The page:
The popular perception that interstate compacts provide a tool for states to work cooperatively to avoid a federally mandated solution is true, but the long held opinion oversimplifies the use of compacts....

Interstate compacts often are viewed as a way for states to work cooperatively to avoid federal intervention or a federally mandated solution. While that is an accurate statement, it does not mean the federal government does not play a role in the compact process. In fact, federal officials are active in a number of compacts, with participation ranging from congressional consent to direct federal involvement.

Oregon took a significant step this week toward joining the Interstate Compact on Educational Opportunity for Military Children when state lawmakers passed SB 1506 and sent it to Gov. John Kitzhaber's desk for his signature.  Compact legislation is also being actively considered in Minnesota.  Should Oregon and Minnesota join the compact it would push membership to 48 states plus the District of Columbia.  The Compact, which was developed jointly by CSG’s Compact Center and the Department of Defense, ensures the uniform treatment...

With each state belonging to an average of two dozen interstate compacts, these tools are not new to state policymakers. In fact, the original 13 colonies were using compacts even before the U.S. Constitution was ratified....

The Minnesota House Education Committee unanimously approved a recommendation to allow the state to join the Interstate Compact on Educational Opportunity for Military Children.  The goal of the compact is the create consistency for the students of transitioning military families in the areas of enrollment, placement, attendance, eligibility and graduation.  It was developed jointly by CSG’s National Center for Interstate Compacts and the Department of Defense.  To date the compact has been adopted by 46 states and the District of...

Medical licensing, health care, resource management, education, energy and public safety are all policy areas that have recently used or are currently using interstate compacts to address cross-border challenges. With so many different and unique fields working to develop new interstate compacts, it is important for state policymakers and interested stakeholders to...

Indiana became the first state to join the State Authorization Reciprocity Agreement (SARA) this week.  SARA was developed as a joint effort between the Presidents’ Forum, the Council of State Governments, the Commission on Regulation of Postsecondary Distance Education, and the four regional higher education compacts – the Midwestern Higher Education Compact (MHEC), the New England Board of Higher Education (NEBHE), the Southern Regional Education Board (SREB), and the Western Interstate Commission for Higher Education (WICHE).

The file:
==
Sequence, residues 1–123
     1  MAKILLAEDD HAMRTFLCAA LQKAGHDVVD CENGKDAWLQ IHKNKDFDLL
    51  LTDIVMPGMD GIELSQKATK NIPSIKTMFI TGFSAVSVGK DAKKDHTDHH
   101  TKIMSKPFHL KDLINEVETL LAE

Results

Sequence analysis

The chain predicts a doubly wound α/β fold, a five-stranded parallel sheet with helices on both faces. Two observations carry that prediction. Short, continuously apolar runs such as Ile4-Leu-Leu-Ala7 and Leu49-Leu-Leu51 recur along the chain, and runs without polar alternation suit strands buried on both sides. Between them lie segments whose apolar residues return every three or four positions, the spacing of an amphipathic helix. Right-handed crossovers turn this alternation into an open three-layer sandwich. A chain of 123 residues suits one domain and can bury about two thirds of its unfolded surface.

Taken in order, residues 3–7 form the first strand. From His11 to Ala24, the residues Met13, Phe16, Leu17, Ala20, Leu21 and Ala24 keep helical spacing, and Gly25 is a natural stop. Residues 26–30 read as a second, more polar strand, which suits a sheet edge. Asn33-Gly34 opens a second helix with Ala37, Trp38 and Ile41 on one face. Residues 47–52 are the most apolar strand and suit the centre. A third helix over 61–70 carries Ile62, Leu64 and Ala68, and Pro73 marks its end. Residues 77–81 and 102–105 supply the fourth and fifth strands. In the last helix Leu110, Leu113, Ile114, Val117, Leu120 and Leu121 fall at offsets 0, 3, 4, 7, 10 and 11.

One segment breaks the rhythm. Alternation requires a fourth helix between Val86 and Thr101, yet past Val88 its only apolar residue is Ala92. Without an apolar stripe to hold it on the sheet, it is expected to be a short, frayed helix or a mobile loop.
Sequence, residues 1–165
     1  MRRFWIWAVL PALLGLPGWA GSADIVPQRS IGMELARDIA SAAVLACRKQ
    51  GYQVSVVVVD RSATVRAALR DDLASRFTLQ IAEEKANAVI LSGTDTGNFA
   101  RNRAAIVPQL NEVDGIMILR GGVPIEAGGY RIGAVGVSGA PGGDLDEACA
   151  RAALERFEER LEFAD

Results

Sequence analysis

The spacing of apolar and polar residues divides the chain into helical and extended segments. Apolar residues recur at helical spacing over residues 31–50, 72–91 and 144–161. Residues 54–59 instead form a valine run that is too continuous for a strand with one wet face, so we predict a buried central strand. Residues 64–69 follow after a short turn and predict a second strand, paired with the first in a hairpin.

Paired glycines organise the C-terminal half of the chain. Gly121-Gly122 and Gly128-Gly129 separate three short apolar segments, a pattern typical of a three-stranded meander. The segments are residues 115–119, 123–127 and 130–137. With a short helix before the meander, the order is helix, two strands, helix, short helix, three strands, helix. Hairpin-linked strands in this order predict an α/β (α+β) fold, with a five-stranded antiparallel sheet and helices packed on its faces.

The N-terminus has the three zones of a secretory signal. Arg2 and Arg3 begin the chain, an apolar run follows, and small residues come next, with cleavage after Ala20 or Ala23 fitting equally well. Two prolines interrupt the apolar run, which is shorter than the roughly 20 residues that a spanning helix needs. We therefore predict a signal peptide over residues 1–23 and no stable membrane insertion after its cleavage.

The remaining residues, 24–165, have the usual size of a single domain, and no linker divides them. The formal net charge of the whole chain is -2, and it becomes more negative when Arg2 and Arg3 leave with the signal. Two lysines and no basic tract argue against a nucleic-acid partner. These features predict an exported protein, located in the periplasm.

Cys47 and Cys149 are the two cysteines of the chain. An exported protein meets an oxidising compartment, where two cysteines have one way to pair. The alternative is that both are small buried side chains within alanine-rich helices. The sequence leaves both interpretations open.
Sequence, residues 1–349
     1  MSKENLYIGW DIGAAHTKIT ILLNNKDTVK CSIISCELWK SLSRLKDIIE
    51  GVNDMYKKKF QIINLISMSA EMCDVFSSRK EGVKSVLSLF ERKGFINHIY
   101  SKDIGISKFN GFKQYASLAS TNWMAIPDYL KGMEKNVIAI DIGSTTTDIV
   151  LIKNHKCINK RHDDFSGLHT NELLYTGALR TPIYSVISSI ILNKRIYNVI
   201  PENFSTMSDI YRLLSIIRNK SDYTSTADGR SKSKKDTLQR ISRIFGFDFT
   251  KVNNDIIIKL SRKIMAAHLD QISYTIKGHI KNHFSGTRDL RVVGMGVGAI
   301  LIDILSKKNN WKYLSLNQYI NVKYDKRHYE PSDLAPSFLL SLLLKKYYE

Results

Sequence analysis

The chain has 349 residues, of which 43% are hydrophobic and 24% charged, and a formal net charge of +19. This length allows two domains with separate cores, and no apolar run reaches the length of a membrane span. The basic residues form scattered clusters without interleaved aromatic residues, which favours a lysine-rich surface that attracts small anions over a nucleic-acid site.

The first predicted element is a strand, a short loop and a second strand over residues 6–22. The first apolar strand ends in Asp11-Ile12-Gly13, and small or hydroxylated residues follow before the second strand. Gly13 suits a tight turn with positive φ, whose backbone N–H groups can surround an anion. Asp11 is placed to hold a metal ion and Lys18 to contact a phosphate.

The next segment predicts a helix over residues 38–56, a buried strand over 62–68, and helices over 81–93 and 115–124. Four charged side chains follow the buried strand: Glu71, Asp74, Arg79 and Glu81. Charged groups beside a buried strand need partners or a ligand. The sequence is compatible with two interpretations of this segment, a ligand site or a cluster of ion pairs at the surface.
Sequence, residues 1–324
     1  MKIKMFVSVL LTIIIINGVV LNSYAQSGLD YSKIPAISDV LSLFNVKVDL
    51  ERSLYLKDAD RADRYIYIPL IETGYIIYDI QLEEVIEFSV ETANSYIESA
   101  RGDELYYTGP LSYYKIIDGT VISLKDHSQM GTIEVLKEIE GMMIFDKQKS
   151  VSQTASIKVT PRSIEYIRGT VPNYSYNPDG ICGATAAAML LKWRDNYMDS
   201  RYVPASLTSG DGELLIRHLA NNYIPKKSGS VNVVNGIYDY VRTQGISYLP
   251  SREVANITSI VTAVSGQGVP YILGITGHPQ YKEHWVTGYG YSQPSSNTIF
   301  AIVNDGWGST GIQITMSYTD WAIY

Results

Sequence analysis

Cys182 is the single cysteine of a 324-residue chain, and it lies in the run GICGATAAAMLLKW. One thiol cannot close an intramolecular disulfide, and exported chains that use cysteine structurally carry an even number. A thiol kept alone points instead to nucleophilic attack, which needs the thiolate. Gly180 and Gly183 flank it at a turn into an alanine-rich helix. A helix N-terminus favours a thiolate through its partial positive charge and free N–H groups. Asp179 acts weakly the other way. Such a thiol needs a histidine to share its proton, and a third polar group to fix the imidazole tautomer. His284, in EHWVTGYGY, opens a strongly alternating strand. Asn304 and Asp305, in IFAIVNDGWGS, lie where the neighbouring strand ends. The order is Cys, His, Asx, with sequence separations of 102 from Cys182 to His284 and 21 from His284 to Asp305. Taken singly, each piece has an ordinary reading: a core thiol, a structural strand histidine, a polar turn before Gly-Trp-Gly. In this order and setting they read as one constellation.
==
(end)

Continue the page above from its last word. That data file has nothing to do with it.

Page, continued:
Interstate compacts hold a unique place in American history. They were first referenced in Article I, Section X, Clause III of the U.S. Constitution and still represent the most structured and sustainable mechanism available to policymakers seeking state-driven solutions to a wide range of policy challenges. While the use of interstate compacts dates back to the founding of the country, the frequency with which they are used has expanded considerably since the end of World War II. Compacts provide state policymakers with a sustainable tool capable of promoting interstate cooperation without federal intervention.

A blog written by Robert Kocher that appeared in Health Affairs earlier this week endorses the idea of interstate physician licensing agreements as a way to improve access to health care.  Kocher currently serves on the advisory board of the Harvard Medical School Health Care Policy Department and previously worked in the Obama Administration as Special Assistant to the President for Healthcare and Economic Policy.   In his posting he notes that the current physician licensing system limits a physician’s ability to practice across state lines, which in turn has stifled the growth of telemedicine and has also resulted in problems such as specialist shortages in rural and underserved areas. 

Florida Senate Bill 7028, entitled an act relating to telemedicine, would allow the state licensing board and the Florida Department of Health to explore a telemedicine compact for the purposes of increasing access to health care.  The bill was introduced this session and will first be considered by the Committee on Health Policy. 

Pages